Ultimately, Volokh agrees, people will continue to have a place in the justice system even if computers are proven to write better opinions.
- Human judges may need to step in when a case calls for developing the law, he said.
- Taking away people entirely would undermine a key element of the justice system, says Calo: the human touch. The dignity of having case heard by humans is a necessary part of the process of justice, he said.
2. In Columbus, from mattresses to startups
It's an unmistakable sign of the times. In Columbus, Ohio, a huge warehouse that was once a Serta Simmons mattress factory has been converted into a startup incubator.
- Axios' Erica Pandey writes: Serta Simmons, the nearly 150-year-old mattress titan, is now struggling and owned by a private equity firm. In its shuttered factory, Rev1 Ventures is hosting scores of tech and health care startups in an effort to redefine the city as an alternative to Silicon Valley.
What's going on: When considering the dollar amount of seed funding going to startups, Columbus is ranked 4th in the country and 7th in the world, city officials say. Last year, the non-profit Kauffman Foundation named it the top place in the country to scale companies.
The backdrop: Rev1 Ventures began in 2016 as an investor and a resource for Columbus startups. This year it will provide seed funding to 30 companies.
- The incubator has high-profile partners that contribute to its funds, including Smucker's and Ohio State University.
- The effort is part of Columbus' wider economic development strategy: to try to expand the city's economy through incentives for startups at a time when the number of new companies forming around the country is falling.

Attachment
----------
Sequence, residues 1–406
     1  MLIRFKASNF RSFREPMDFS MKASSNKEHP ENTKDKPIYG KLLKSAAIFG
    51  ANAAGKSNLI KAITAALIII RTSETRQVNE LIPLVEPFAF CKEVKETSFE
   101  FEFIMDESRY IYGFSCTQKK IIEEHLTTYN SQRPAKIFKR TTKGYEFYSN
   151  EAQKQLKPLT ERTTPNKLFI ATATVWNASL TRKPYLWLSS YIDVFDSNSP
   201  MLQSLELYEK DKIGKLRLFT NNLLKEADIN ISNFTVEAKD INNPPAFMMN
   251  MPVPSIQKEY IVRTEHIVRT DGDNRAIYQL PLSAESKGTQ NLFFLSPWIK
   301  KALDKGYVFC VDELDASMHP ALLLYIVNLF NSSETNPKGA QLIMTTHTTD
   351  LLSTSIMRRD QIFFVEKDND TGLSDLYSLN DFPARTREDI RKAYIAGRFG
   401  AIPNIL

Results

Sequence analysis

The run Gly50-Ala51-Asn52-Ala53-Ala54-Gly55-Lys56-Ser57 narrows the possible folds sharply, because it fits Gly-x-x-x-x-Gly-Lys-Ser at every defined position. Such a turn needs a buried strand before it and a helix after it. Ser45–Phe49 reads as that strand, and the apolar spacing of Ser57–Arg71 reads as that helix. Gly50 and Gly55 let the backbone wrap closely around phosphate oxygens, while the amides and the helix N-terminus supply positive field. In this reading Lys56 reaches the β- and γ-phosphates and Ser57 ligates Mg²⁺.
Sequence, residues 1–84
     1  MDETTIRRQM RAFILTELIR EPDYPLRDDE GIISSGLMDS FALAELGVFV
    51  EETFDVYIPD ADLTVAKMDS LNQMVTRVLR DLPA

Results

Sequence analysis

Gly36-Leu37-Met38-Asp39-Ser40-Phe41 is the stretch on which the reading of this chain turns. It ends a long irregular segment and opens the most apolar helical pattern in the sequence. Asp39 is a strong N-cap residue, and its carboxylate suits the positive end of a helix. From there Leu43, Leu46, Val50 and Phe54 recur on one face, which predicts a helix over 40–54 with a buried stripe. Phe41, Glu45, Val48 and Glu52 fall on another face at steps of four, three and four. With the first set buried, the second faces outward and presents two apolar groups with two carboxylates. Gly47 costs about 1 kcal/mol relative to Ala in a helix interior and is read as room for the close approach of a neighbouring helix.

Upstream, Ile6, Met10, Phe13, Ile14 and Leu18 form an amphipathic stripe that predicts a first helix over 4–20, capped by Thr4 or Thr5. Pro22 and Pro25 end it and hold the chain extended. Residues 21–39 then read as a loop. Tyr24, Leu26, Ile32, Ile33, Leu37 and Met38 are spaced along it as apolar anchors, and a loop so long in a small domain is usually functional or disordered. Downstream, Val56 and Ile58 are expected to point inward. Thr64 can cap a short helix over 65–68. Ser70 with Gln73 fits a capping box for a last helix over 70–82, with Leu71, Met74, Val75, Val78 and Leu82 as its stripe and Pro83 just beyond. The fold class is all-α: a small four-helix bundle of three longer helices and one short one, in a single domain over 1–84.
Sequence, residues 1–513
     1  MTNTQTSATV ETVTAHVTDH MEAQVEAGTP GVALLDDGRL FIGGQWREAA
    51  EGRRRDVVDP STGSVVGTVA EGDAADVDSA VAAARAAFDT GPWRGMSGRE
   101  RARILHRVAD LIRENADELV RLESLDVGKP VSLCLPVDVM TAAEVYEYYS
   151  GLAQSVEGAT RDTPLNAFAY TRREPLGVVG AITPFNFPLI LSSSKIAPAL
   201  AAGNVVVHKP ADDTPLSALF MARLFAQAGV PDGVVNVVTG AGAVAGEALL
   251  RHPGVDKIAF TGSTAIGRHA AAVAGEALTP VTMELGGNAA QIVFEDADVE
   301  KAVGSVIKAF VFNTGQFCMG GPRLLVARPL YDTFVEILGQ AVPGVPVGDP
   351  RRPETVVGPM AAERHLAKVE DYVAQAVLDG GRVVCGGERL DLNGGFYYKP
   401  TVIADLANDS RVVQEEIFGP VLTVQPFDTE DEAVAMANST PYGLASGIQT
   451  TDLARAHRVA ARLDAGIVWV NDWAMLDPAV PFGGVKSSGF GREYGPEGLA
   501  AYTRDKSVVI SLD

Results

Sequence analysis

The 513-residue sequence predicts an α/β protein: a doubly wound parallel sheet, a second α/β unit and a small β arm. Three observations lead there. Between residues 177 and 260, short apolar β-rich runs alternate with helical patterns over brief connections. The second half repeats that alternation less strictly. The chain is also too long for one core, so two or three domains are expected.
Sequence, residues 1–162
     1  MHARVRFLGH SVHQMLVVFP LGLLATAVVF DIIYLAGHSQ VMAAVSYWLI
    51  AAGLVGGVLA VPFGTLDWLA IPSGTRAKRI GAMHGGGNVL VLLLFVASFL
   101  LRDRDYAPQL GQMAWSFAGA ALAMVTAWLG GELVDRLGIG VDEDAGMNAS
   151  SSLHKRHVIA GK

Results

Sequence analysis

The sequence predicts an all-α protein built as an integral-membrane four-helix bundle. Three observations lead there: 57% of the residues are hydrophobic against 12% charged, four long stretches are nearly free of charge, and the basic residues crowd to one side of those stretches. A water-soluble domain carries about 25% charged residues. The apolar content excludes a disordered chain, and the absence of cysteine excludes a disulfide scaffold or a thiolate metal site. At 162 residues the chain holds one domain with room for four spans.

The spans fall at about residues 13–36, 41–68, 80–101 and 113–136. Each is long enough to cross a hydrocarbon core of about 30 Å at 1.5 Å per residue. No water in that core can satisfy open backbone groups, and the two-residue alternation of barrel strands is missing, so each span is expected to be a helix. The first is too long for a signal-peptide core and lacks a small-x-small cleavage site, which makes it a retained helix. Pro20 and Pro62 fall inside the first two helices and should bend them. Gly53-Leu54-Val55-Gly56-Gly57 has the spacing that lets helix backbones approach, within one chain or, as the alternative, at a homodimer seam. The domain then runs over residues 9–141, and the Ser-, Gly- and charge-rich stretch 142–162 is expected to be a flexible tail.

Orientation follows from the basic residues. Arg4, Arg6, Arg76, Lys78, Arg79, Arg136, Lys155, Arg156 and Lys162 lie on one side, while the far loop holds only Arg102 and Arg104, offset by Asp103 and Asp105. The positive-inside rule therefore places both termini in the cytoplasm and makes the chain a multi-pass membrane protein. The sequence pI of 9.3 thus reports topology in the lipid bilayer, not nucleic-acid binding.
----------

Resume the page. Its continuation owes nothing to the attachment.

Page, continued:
Go deeper: The heartland's fight to stay relevant
3. What you may have missed
You were otherwise occupied this week. Nevermind — here is the top of Future:
1. A global view of strongmen: Cheaters, power-grabbers, populists
2. Find 50k highly skilled workers: Amazon's new quest
3. The heartland, fighting to stay relevant: Columbus' plan after Amazon
4. Californians usually rebuild after fires: That could change
4. Worthy of your time
5. 1 bitcoin thing: In one sense, dearer than any metal
Much effort goes into finding and digging out precious and rare metals — gold especially, but also europium, platinum and rhodium, among others. But, in terms of the energy required for extraction, all pale in comparison to bitcoin, according to a new paper.
- It takes 17 megajoules to mine $1 of bitcoin. That's almost twice as much as the 9 megajoules needed on average to extract $1 worth of rare earth metals like europium, say co-authors Max Krause and Thabet Tolaymat of the Environmental Protection Agency.
- For $1 gold it's even less — 5 megajoules, and for platinum it's 7.
- Krause and Tolaymat say the energy required to mine bitcoin is only going to grow.
The bottom line: Bitcoin's energy gluttony has been a topic of discussion for some time. The Economist reckons that, when considering the global bitcoin mining community, it's using the same amount of energy as the entire country of Ireland.